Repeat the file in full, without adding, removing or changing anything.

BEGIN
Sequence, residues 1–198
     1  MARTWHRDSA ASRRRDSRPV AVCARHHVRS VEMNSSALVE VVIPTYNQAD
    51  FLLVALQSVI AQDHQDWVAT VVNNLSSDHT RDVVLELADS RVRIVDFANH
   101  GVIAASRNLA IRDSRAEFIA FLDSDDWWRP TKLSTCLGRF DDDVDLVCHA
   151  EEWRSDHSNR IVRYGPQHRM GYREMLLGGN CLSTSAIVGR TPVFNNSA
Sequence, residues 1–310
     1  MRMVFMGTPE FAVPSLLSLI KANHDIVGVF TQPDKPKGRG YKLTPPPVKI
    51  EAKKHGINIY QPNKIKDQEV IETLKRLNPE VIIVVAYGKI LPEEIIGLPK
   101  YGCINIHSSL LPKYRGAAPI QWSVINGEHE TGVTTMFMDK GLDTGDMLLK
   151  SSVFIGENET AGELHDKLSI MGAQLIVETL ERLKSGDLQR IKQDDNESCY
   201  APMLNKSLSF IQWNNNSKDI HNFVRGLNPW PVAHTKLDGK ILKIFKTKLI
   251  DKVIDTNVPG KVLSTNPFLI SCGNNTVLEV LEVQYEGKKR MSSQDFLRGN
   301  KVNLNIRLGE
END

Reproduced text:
Sequence, residues 1–198
     1  MARTWHRDSA ASRRRDSRPV AVCARHHVRS VEMNSSALVE VVIPTYNQAD
    51  FLLVALQSVI AQDHQDWVAT VVNNLSSDHT RDVVLELADS RVRIVDFANH
   101  GVIAASRNLA IRDSRAEFIA FLDSDDWWRP TKLSTCLGRF DDDVDLVCHA
   151  EEWRSDHSNR IVRYGPQHRM GYREMLLGGN CLSTSAIVGR TPVFNNSA
Sequence, residues 1–310
     1  MRMVFMGTPE FAVPSLLSLI KANHDIVGVF TQPDKPKGRG YKLTPPPVKI
    51  EAKKHGINIY QPNKIKDQEV IETLKRLNPE VIIVVAYGKI LPEEIIGLPK
   101  YGCINIHSSL LPKYRGAAPI QWSVINGEHE TGVTTMFMDK GLDTGDMLLK
   151  SSVFIGENET AGELHDKLSI MGAQLIVETL ERLKSGDLQR IKQDDNESCY
   201  APMLNKSLSF IQWNNNSKDI HNFVRGLNPW PVAHTKLDGK ILKIFKTKLI
   251  DKVIDTNVPG KVLSTNPFLI SCGNNTVLEV LEVQYEGKKR MSSQDFLRGN
   301  KVNLNIRLGE